Generally speaking when it comes to open rates, if your percentage is in the mid-to-high twenties or above, you’re doing well. What’s most important is to focus on your results relative to your own previous results; open rates vary industry by industry, business by business.

Link Clicks

Email link clicks are the more reliable alternative to monitoring opens. Because they don’t rely on images as opens do, clicks are accurately tracked no matter what device an email recipient is using.

It’s normal to be concerned about your click-through rate (CTR), but remember that the numbers are bound to be lower than your open stats — and don’t be surprised if they’re under 10%. Of the people who open your messages, not all are going to click into your links. This is where having strong, relevant, and personalized content can improve your results.

Bounces

Your bounce rate shows you what percentage of emails were bounced back because of full mailboxes or wrong email addresses. In any given week, if your bounce rate is above 7%, it’s time to take action.

Complaints

A complaint is registered any time a recipient clicks the “this is spam” button in their email. If your complaint rate is higher than 0.1% in any given week, consider switching up your email marketing tactics.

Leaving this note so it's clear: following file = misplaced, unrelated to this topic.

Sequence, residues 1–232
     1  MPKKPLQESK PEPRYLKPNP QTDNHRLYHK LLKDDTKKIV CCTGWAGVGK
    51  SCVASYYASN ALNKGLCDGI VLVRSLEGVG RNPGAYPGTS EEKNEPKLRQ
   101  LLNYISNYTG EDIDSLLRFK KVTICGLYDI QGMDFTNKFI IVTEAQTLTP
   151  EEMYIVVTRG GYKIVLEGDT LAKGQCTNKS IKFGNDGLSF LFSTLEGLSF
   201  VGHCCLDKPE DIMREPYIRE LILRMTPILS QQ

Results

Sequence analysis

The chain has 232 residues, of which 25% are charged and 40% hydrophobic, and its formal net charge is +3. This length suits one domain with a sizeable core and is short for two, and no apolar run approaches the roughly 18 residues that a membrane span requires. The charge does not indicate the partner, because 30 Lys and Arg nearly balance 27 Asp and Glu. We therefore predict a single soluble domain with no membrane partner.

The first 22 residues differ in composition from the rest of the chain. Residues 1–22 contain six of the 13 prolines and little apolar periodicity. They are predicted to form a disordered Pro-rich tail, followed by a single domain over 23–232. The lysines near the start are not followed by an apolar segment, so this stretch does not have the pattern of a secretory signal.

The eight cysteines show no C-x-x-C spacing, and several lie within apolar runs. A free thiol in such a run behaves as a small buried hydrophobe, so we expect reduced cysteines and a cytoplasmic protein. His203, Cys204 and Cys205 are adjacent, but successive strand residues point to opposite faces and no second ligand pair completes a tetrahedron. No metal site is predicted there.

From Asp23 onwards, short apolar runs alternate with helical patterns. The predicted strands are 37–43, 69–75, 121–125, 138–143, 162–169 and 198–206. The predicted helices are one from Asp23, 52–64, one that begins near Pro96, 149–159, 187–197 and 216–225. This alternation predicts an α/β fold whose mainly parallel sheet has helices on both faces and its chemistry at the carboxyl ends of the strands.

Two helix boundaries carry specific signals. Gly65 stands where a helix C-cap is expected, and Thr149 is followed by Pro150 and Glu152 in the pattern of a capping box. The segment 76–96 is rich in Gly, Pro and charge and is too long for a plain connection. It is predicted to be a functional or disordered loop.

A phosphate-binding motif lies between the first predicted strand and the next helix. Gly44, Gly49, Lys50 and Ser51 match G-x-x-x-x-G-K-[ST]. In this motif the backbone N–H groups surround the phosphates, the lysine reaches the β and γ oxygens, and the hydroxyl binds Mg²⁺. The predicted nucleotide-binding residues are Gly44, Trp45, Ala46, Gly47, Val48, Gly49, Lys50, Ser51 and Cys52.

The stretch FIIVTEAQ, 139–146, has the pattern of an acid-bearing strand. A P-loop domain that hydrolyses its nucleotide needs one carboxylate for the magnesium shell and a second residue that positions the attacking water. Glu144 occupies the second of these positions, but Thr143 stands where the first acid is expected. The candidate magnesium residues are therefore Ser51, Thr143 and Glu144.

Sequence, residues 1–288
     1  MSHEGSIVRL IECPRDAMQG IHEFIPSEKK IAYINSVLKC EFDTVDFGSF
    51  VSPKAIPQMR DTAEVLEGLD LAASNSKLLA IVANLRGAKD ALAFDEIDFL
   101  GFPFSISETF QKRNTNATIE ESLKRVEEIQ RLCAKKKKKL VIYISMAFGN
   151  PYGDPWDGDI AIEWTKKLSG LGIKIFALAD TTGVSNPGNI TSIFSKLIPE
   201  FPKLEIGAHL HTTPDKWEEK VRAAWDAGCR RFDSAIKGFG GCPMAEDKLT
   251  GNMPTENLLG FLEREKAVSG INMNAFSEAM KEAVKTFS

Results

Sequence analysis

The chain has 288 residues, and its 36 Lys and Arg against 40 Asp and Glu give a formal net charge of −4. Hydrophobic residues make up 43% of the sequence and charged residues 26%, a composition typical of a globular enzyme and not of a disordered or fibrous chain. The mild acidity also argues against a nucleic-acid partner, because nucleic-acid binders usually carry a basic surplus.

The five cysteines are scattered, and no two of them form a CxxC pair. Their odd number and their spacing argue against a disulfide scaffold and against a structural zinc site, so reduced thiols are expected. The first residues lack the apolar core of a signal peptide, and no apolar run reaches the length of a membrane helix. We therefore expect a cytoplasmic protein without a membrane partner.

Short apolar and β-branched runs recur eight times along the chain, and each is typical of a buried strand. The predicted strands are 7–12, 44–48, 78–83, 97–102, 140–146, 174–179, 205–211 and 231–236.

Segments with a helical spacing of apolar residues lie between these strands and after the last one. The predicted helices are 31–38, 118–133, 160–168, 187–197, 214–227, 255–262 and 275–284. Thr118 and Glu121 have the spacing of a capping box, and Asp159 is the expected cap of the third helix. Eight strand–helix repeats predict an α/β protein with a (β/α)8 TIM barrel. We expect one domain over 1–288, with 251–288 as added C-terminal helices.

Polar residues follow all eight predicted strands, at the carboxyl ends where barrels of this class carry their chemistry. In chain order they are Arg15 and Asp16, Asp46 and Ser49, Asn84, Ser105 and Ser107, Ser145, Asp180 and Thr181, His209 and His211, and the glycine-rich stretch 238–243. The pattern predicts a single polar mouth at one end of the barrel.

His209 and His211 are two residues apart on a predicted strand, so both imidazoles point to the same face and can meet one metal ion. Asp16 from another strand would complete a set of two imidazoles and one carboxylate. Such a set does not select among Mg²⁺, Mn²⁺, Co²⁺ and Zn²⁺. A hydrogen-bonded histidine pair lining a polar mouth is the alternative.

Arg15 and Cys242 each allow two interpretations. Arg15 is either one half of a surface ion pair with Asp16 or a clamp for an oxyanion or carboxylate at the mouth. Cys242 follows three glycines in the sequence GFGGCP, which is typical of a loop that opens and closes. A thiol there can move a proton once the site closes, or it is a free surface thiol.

Unsubscribes

While it’s a bummer to lose contacts from your list, unsubscribes are a far better alternative to complaints. Your unsubscribe rate tells you what percentage of recipients requested not to receive emails from you in the future.

Don’t be alarmed if your stats are lower than you would have liked or expected. The breakdown is that email marketing is all trial and error — if one approach isn’t working, change it. The numbers behind your email stats will let you know what approach works best.



About Lindsay Kent

Lindsay is a graduate of California Polytechnic State University, San Luis Obispo, and holds a degree in Journalism with a concentration in Public Relations and minors in Spanish and Integrated Marketing Communications. After working with several small businesses, Lindsay moved to sunny Santa Barbara to become Ontraport’s Content Manager.